WASHINGTON — Already faltering, President Barack Obama's five-year effort to reboot U.S.-Russian relations finally crashed Wednesday, as the White House abruptly canceled his planned face-to-face summit with Russia's Vladimir Putin.
The effort to upgrade the relationship has fallen victim to the rapidly shrinking common ground between the former Cold War rivals, including extreme differences over the Syrian civil war, Russia's domestic crackdown on civil rights and — the final straw — the asylum granted to National Security Agency leaker Edward Snowden.
The U.S. and Russian foreign and defense ministers will sit down in Washington later this week, but Obama canceled his planned early September summit in Moscow with Putin because of what the White House called a lack of "recent progress" on a wide array of critical issues. Such steps are not taken lightly, and the decision will almost certainly herald a new frostiness in already chilly ties.
"We have informed the Russian government that we believe it would be more constructive to postpone the summit until we have more results from our shared agenda," the White House said in a statement, citing deep differences over missile defense, arms control, trade, global security and human rights. "Russia's disappointing decision to grant Edward Snowden temporary asylum was also a factor that we considered in assessing the current state of our bilateral relationship," it added.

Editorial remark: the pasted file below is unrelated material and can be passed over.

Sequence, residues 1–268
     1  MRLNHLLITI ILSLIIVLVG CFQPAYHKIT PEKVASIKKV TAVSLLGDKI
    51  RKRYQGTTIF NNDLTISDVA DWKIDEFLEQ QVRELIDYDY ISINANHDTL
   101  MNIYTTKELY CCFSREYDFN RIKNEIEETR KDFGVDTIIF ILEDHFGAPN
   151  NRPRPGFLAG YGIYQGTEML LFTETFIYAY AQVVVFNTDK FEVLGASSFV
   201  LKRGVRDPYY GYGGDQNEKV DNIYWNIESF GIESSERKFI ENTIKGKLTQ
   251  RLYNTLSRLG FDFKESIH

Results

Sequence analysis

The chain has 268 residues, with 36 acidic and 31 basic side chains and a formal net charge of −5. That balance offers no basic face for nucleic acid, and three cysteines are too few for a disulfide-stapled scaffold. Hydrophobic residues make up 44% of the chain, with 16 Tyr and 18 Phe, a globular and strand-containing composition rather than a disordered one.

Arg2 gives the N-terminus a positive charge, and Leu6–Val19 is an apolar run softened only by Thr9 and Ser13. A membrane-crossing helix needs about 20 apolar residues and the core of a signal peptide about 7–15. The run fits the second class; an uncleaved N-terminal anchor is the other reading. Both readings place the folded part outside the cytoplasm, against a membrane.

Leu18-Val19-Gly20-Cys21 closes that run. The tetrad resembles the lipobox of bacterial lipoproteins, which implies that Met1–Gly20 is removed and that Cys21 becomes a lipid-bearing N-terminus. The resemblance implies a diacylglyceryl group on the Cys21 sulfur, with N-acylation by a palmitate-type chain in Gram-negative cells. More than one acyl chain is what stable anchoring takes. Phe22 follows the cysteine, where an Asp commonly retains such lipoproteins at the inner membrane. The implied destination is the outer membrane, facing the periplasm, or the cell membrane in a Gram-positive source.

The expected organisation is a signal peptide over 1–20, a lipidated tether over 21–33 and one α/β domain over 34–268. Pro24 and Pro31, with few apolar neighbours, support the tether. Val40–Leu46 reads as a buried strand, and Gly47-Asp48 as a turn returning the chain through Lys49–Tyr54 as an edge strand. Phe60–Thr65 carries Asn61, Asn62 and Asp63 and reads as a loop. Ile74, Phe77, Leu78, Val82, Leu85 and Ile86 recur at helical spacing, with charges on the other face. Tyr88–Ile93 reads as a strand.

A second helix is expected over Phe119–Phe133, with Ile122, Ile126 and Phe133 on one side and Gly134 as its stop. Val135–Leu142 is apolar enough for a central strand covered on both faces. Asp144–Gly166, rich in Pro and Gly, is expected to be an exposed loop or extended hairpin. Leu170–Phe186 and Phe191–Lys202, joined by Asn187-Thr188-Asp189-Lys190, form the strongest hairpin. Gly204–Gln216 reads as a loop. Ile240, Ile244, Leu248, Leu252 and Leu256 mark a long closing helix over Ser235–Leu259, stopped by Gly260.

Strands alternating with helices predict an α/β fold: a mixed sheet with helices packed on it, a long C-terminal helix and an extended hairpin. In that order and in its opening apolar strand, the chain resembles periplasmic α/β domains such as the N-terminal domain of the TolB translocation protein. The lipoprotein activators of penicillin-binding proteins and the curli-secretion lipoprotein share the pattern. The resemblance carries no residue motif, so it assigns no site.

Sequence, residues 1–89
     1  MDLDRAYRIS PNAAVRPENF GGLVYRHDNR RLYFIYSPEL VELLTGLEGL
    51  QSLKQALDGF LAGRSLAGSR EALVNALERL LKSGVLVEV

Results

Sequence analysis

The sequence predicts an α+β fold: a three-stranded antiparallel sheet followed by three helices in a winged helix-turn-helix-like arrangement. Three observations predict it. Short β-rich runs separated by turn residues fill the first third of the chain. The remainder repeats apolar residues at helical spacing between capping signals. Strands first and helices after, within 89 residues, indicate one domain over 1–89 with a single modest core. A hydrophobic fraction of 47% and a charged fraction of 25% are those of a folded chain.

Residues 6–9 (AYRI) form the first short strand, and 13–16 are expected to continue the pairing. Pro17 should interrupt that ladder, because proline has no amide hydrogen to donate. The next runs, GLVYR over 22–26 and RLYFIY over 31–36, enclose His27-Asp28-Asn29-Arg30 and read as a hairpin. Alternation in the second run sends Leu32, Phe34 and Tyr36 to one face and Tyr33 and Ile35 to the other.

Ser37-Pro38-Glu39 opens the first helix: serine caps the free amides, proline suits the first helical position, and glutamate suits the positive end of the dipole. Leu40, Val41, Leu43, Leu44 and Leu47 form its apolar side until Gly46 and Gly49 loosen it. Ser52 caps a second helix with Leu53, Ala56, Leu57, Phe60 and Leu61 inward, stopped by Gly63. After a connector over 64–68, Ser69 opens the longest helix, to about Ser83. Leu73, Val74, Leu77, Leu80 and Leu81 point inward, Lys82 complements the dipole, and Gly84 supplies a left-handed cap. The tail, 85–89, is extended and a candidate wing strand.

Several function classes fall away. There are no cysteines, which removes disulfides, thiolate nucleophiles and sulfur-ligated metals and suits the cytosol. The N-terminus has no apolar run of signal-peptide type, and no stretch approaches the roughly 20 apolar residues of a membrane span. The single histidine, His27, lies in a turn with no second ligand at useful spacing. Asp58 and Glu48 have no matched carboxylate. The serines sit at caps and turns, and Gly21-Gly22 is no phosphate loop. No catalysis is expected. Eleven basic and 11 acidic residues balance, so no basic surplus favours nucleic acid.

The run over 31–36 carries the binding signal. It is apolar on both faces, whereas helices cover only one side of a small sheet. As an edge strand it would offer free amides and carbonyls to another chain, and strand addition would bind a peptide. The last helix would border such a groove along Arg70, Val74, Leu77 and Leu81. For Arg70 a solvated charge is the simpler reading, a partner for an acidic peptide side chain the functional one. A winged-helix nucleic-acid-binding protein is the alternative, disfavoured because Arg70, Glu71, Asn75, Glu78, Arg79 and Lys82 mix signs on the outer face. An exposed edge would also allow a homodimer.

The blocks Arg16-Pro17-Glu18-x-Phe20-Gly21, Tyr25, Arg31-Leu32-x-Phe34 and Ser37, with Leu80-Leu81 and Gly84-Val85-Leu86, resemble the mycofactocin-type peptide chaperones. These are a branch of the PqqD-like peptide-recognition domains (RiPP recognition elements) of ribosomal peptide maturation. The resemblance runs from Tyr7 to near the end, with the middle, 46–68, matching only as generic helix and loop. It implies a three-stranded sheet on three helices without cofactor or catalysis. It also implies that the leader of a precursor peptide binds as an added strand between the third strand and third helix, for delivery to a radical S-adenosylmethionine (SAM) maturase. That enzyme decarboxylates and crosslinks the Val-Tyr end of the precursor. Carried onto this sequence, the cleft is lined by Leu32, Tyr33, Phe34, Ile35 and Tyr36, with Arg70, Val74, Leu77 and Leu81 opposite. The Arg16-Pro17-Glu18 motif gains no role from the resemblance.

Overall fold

The Kremlin responded quickly, voicing its own disappointment with the canceled summit and blaming it on Washington's inability to develop relations with Moscow on an "equal basis." Putin's foreign affairs adviser, Yuri Ushakov, added that the decision was "clearly linked" to the Snowden case, a situation that he said wasn't of Russia's making.
While Snowden might have been the immediate catalyst for canceling the summit, the seeds of renewed U.S.-Russia discord were planted more than a year ago when Putin re-took the Russian presidency. On returning to power, he adopted a deeply nationalistic and more openly confrontational stance toward the United States than had his chosen successor Dmitry Medvedev, whose 2008-2012 tenure roughly overlapped Obama's first term in the White House.
Where Medvedev abstained in a U.N. Security Council vote that authorized NATO airstrikes in Libya, Putin has refused repeated entreaties from Washington to allow the world body to impose even minimal sanctions on President Bashar Assad's Syria. At the same time, Putin's government has continued to supply its ally Assad with weapons. And it has not delivered on pledges to coax Assad into sending representatives to talks with the opposition aimed at finding a political solution to the Syrian conflict.
Obama sought to cultivate Medvedev as a friend of the United States, making significant changes to Bush administration plans for European missile defense to try to ease Russian concerns about that project, signing a new arms control treaty and famously sending then-Secretary of State Hillary Rodham Clinton to meet Russian Foreign Minister Sergey Lavrov in Geneva where she proclaimed a "reset" in U.S.-Russia relations.